Language Theories

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Theories Of First Language Acquisition English Language Essay
Imagine a blank template, a white sheet of paper, thats how human being starts off. From a crying baby in a cradle, to babbling, to simple single words, slowly progressing into two-words, then finally a complete sentence, ever wonder how one acquires the ability to produce the language? Linguists throughout the ages have tried to find out how does one ACQUIRE a language, is it a deep structure as claimed by Kimball? Or is it an innate ability, a build-in human capacity propagated by Chomsky?
Various theories have arose since language studies came to fore, and the ability to acquire language has interested various parties since the dawn of man. From the dunes of Egypt, Psammeticus, the Pharaoh during the 7 th century BC, believed language was inborn and that children isolated from birth from any linguistic influence would develop the language they had been born with. Fast forward to the 15th century,King James of Scotland performed a similar experiment; the children were reported to have spoken good Hebrew. Akbar, a 16th century Mogul emperor of India, desired to learn whether language was innate or acquired through exposure to the speech of adults. He believed that language was learned by people listening to each other and therefore a child could not develop language alone. So he ordered a house built for two infants and stationed a mute nurse to care for them. The children did not acquire speech, which seemed to prove Akbar's hypothesis that language is acquired and does not simply emerge spontaneously in the absence of exposure to speech.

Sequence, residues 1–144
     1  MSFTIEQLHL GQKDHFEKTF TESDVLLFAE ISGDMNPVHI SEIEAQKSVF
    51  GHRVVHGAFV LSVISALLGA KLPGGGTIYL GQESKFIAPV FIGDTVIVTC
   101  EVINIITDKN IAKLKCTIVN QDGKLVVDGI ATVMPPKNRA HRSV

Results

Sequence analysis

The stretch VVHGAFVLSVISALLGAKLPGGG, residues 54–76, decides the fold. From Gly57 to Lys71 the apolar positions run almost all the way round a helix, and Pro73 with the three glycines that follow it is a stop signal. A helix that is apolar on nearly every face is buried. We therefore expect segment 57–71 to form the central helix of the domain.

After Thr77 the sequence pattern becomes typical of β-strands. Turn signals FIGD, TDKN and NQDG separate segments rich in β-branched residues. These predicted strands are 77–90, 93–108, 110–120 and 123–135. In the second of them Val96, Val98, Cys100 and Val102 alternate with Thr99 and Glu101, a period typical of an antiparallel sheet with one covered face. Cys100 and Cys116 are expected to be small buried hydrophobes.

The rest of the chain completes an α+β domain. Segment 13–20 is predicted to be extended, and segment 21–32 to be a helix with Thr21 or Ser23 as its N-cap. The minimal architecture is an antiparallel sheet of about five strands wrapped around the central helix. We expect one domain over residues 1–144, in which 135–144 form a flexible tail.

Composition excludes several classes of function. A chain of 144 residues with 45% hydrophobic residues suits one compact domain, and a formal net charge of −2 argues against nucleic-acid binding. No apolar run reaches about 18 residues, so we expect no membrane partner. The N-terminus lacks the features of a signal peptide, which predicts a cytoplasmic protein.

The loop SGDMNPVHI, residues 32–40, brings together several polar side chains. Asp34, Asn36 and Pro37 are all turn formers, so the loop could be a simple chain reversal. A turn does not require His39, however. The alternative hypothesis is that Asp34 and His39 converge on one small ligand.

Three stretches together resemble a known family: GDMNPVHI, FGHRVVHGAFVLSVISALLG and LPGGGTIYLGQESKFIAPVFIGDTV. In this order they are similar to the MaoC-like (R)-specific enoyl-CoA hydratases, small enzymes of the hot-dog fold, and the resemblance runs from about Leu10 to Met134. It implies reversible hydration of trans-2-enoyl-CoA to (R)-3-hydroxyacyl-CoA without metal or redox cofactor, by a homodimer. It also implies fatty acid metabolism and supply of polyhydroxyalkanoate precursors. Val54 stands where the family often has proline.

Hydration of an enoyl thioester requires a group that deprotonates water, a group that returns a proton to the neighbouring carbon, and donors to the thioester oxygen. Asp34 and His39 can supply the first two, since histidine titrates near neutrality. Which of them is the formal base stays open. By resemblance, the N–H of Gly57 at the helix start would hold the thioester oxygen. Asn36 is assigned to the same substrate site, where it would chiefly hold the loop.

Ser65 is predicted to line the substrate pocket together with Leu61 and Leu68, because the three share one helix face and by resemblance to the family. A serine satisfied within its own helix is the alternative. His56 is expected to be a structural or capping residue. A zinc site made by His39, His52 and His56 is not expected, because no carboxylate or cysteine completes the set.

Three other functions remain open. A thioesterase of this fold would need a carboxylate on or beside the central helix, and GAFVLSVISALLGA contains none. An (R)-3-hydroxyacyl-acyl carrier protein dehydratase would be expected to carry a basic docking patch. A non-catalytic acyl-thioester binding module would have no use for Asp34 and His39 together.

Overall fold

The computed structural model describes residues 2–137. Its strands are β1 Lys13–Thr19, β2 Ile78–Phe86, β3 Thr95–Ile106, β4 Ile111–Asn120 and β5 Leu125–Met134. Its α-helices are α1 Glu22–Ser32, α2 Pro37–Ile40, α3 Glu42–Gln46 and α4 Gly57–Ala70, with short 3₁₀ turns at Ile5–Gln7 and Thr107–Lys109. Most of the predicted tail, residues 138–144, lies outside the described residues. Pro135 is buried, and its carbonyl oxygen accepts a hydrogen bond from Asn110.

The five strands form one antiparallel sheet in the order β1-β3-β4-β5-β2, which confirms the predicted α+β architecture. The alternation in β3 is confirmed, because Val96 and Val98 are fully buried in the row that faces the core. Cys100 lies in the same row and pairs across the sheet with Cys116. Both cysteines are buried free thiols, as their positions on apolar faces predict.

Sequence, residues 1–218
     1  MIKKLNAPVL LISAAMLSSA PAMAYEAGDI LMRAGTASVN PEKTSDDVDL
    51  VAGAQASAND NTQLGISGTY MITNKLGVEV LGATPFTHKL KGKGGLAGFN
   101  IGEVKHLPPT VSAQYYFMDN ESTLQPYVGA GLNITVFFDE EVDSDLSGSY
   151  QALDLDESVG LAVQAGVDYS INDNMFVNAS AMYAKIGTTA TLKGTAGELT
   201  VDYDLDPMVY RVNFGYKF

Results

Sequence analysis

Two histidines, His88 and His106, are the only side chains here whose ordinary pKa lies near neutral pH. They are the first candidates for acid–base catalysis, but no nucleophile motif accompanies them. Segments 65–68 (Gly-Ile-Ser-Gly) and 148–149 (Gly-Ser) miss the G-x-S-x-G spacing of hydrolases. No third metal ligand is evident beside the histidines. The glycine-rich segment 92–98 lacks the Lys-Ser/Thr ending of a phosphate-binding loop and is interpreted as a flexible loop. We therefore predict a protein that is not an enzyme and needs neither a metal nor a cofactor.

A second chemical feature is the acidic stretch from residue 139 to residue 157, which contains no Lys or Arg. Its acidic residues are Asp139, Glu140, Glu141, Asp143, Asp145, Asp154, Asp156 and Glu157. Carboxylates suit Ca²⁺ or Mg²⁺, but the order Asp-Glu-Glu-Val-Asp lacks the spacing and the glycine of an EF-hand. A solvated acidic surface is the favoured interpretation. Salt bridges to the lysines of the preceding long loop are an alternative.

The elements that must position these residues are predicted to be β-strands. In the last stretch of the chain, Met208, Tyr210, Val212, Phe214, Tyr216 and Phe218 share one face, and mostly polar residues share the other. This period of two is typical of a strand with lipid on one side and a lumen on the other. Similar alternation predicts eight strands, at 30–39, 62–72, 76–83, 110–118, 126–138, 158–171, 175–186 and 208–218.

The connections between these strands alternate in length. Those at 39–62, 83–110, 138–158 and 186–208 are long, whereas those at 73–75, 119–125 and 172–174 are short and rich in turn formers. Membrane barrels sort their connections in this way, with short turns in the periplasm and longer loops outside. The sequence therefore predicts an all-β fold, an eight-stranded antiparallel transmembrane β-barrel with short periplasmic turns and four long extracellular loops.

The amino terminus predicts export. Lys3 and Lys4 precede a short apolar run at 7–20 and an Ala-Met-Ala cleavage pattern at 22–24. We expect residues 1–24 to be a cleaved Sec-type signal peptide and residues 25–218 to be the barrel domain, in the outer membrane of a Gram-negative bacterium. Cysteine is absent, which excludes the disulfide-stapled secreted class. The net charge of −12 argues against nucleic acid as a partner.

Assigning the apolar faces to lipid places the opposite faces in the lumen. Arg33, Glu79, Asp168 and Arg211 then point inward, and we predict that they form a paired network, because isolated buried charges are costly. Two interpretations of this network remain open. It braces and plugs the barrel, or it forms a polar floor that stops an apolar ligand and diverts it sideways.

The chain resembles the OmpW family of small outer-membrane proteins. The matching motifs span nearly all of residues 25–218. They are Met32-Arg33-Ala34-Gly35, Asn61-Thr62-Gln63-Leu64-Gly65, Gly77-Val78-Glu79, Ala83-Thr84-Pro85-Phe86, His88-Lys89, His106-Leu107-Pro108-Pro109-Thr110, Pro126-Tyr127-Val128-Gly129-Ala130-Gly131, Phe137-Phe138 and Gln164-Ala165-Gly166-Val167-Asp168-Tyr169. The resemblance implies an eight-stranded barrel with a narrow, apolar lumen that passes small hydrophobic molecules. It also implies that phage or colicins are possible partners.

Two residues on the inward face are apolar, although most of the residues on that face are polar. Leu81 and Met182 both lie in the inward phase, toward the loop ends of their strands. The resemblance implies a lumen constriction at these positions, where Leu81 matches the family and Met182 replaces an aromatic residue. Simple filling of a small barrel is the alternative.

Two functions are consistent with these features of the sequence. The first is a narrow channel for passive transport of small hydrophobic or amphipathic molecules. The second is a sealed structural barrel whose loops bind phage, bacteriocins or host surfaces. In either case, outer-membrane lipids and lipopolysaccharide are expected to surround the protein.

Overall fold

Henceforth, modern linguists have been trying hard to crack the codes which govern the acquisition and learning of a language. Theories ranging from Jean Piaget's Cognitive Theory(1929), Skinner's Behaviorist Theory (1957), to Chomsky's The Innateness Hypothesis,…...

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